Spotted recently on the streets of Chicago was a Japanese crossover that will never â€” not in final production form â€” actually make it to the streets of Chicago.
Nor to the streets of any other American city, for that matter. Wearing no camo and sitting in broad daylight, the diesel-powered Mazda CX-8 was photographed by Peter Lazar, albeit not from the front.
When the 2018 Mazda CX-8 is launched later this year, its primaryÂ market will be Mazda’s Japanese home base. “It will not be sold in the U.S., as CX-9 fills that role quite well,” Mazda spokesperson Jacob Brown told TTAC yesterday.
Mazda also re-confirmed that the CX-4, a more rakish take on the CX-5, is also still primarily a Chinese market crossover that will not make its way across the Pacific. In other words, 40 percent of Mazda’s global utility vehicle lineup stays outside the mighty SUV market that is America.
In Japan, the CX-9 that serves as Mazda USA’s flagship is deemed too large for the domestic market. The upcoming CX-8 is a three-row vehicle that rides on a similarly lengthy wheelbase. However, the CX-8 is shorter and significantly narrower than the CX-9.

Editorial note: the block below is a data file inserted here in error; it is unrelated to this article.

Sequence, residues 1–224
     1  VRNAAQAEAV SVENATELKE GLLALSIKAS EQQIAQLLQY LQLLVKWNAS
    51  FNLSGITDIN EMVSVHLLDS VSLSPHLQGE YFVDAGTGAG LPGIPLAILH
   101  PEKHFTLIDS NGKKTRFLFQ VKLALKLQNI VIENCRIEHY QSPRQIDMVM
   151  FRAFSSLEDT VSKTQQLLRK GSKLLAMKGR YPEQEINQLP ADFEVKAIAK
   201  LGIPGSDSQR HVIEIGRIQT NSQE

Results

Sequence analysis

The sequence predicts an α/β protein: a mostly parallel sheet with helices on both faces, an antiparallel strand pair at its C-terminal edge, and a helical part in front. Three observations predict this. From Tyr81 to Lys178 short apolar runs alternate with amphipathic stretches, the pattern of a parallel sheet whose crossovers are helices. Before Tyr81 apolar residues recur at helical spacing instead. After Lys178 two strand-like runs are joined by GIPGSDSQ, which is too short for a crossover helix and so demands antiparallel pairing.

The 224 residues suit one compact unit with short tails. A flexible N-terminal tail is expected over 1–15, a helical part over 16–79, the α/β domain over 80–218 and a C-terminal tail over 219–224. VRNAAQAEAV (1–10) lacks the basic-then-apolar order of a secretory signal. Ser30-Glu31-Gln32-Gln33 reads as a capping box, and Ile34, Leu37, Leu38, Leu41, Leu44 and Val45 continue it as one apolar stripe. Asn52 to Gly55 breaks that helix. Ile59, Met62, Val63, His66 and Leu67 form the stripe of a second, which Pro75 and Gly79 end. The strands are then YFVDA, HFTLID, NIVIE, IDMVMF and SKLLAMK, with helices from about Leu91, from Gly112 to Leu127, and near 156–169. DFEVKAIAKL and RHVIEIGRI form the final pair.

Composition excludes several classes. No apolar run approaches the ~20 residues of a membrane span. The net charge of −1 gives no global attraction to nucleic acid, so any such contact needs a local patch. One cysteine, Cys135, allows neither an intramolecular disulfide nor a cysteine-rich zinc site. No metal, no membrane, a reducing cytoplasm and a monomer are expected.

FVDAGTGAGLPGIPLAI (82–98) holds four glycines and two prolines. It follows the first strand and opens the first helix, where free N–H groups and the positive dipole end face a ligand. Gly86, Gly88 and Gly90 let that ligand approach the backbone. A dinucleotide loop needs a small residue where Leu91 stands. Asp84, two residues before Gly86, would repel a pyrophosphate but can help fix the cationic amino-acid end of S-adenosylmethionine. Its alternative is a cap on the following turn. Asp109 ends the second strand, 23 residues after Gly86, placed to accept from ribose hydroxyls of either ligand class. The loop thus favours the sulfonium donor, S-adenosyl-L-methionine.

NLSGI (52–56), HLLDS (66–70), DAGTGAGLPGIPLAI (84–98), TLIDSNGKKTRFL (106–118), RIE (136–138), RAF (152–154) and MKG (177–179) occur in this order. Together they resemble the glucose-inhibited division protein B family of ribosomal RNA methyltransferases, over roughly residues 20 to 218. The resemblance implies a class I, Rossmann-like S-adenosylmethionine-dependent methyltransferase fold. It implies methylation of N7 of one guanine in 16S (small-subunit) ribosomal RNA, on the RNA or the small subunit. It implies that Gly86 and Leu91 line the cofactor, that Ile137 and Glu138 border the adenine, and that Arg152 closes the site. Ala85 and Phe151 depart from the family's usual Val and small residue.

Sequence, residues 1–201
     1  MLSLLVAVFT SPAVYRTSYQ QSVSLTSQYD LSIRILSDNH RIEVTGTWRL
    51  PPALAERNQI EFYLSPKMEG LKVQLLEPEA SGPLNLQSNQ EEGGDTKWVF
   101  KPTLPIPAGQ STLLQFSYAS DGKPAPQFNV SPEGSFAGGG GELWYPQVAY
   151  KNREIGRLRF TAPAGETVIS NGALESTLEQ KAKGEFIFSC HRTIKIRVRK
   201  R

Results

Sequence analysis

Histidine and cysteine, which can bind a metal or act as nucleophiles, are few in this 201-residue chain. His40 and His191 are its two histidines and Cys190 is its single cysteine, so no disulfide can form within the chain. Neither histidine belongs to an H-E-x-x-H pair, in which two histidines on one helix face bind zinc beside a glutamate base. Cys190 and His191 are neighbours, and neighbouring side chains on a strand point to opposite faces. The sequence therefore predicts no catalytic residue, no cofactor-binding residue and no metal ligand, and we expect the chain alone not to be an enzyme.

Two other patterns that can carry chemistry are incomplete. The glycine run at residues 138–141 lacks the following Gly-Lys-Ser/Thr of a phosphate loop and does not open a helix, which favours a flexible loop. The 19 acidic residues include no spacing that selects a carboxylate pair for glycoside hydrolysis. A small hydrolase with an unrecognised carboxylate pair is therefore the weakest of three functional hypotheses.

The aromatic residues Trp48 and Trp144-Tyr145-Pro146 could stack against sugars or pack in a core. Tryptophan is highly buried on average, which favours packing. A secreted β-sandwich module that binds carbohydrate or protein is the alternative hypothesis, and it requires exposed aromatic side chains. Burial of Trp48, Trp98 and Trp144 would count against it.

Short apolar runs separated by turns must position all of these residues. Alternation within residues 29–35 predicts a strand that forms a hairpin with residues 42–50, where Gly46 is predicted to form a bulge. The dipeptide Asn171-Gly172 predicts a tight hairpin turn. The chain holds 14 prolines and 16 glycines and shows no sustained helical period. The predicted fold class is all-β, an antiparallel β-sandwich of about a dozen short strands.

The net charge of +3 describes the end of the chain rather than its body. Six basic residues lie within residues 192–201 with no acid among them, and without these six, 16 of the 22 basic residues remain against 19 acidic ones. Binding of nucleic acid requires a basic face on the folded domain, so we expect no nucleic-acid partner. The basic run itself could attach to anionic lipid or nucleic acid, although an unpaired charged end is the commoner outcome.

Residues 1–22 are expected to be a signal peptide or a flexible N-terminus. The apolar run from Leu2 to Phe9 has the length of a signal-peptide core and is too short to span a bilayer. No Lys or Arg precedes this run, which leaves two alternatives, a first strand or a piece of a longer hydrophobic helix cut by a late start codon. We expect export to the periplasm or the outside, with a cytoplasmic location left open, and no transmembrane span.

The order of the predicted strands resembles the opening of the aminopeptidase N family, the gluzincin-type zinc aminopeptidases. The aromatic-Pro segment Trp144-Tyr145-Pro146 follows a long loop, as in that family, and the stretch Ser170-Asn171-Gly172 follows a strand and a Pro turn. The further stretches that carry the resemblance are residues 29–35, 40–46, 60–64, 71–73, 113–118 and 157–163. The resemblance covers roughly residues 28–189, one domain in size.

“They are closely related, but they serve different audiences that suit the different tastes (and road widths) of their respective buyers,” Brown said.
In the United States, Mazda feels the CX-8’s space is effectively filled by the equivalently broad CX-5 in gas and upcoming diesel formats, and the larger, turbocharged, five-inches-wider CX-9.
Whether for local executives to get a feel for a vehicle or for marketing campaigns, vehicles not bound for North America do tend to find their way to the United States for one reason or another. In this Mazda’s case, the unique CX-8 badge, diesel signifier, and right-hand drive didn’t capture an inordinate amount of interest, perhaps because the CX-8 looks very much like a CX-9 that spent a only a few minutes in the dryer.
Mazda’s utility vehicle volume in the U.S. reported a 22-percent year-over-year sales improvement in 2017’s first four months. The CX-3, CX-5, and CX-9 account for slightly more than half of Mazda’s U.S. sales output after claiming responsibility for 44 percent of the brand’s U.S. volume at this stage of 2016.
Timothy Cain is the founder ofÂ GoodCarBadCar.netÂ and a contributing analyst at The Truth About Cars and Autofocus.ca. Follow on Twitter @timcaincars.